Friday, March 18, 2016

More Manet

 The second, begun the previous November and painted on a canvas almost six feet high by five feet wide, was a biblical episode entitled The Dead Christ with Angels. Manet had painted a few religious scenes in his career, though these were done not out of any special feelings of piety or devotion so much as from a love of the works of Italian Renaissance artists like Titian and Tintoretto. Manet had a particular affection for Tintoretto, a sixteenth-century Venetian, some-times known as Il Furioso, who was renowned for his fa presto {"work quickly") style of painting in which he applied his pigments with brush-popping vehemence. Tintoretto's Self-Portrait, which featured the mournful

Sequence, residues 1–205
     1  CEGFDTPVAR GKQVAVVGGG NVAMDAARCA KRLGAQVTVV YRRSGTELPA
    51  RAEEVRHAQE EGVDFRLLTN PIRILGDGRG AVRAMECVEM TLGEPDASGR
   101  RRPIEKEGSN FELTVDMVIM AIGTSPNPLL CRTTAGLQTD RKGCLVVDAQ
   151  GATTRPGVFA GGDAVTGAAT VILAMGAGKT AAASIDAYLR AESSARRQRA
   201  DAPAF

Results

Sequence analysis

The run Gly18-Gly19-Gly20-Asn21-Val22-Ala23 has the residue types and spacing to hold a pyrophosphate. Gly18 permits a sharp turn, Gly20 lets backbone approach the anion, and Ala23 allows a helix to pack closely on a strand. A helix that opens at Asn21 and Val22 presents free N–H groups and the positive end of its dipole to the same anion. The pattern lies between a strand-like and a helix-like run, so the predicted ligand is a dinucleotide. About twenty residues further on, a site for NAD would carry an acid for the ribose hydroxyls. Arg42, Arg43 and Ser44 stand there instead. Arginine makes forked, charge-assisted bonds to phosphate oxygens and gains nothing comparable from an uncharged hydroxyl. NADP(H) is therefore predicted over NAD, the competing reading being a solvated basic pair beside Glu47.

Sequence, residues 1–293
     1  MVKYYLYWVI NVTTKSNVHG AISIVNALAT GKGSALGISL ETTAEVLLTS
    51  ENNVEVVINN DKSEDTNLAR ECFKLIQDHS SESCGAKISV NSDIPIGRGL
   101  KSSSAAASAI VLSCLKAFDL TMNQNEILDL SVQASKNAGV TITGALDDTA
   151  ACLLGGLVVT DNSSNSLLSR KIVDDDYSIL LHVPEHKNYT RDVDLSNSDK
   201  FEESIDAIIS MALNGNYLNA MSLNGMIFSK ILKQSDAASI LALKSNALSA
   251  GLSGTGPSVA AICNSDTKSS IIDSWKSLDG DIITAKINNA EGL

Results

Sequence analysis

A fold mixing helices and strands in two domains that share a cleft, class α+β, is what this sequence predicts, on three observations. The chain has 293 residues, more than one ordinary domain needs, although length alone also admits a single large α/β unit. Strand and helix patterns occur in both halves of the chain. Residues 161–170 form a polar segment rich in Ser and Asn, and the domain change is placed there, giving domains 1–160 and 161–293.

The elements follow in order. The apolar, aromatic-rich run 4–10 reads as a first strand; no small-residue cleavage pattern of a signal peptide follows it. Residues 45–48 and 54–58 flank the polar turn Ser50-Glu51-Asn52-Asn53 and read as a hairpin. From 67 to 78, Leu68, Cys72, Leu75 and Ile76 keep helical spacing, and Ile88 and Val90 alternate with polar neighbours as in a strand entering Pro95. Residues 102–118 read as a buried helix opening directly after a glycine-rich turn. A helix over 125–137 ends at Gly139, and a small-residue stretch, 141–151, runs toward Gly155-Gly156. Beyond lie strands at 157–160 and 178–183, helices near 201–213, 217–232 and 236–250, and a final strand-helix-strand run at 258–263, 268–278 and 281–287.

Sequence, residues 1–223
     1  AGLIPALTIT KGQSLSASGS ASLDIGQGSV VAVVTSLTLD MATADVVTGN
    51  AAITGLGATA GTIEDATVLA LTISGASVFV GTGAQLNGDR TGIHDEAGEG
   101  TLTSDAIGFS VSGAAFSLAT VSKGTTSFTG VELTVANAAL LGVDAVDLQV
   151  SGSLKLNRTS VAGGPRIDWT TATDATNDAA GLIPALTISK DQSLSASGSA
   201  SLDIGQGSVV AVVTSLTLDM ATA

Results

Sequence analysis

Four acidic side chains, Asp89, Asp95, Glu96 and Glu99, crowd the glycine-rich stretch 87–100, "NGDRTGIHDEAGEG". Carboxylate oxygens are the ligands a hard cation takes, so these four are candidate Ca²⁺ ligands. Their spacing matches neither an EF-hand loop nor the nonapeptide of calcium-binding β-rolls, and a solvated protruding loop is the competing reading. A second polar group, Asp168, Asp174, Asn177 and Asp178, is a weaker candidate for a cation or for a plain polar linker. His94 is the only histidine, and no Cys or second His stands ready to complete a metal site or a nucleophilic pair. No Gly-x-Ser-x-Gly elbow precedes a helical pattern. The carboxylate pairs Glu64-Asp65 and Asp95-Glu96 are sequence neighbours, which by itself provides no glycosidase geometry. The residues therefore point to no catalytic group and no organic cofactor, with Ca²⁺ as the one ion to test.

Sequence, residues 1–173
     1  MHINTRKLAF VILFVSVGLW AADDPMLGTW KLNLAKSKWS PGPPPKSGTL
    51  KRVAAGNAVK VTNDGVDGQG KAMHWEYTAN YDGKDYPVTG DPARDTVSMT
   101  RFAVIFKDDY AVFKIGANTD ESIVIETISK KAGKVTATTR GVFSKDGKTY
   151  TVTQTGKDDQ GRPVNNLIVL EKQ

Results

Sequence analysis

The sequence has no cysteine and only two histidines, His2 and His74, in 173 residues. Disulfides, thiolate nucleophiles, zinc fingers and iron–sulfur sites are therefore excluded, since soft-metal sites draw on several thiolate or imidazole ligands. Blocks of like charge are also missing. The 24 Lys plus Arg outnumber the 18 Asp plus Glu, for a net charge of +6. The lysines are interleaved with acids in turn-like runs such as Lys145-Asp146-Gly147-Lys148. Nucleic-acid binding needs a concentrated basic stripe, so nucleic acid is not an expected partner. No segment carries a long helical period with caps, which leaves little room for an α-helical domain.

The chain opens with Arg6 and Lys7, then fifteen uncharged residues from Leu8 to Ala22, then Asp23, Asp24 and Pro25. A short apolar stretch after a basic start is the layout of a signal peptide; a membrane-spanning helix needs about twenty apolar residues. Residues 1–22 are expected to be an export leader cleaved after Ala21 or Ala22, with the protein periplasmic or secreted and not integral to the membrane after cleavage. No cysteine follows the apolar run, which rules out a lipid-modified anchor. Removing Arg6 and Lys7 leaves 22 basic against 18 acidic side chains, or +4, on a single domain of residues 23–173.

face of the gray-bearded, baggy-eyed artist hovering against a pitch-dark face background, was one of Manet's favorite paintings. He made a copy of the work in the Louvre and thereafter, as if paying court to a wise old sage, never failed to seek out the original on his visits to the museum. Tintoretto was predominantly a religious artist who, among his many scenes from the New Testament, depicted several of the dead Christ. Likewise, Manet's Dead Christ with Angels depicts precisely what its title describes—the figure of the dead Christ slumped between two winged, female figures. One of the angels has lifted the muscular, half-naked body of the crucified Christ into a sitting position, while the other weeps as in a Lamentation or a Pieta. Still, despite its allusions to Tintoretto and other Renaissance painters, Manet's work included touches that were unconventional to the point of eccentricity: one of his angels sported orange robes and unfolded a pair of blue wings, while—strangest of all—Christ's loincloth was pink.* The Dead Christ with Angels was idiosyncratic for reasons beyond its unique choices in color. For some reason Manet placed the wound from the spear on Christ's left side rather than, as the Scriptures record, his right. Furthermore, an inscription in the foreground referred viewers to the verse in the Gospel of Saint John that recounts how the grief-stricken Mary Magdalen, having told the disciples that Christ's body is missing, returns to the tomb to see "two an-gels in white sitting where the body of Christ had lain." Yet Manet's work, with its curious disjunction between the text and the painting, cannot be taken for a straightforward presentation of the Resurrection, since the body of Christ, slumped lifelessly on the shroud, has neither gone missing from the tomb nor been resurrected. Was Manet simply confusing a Lamentation scene with a Resurrection? Or was he making a more abstruse and controversial point about religion and Christianity? The jurors would evidently have much to ponder.

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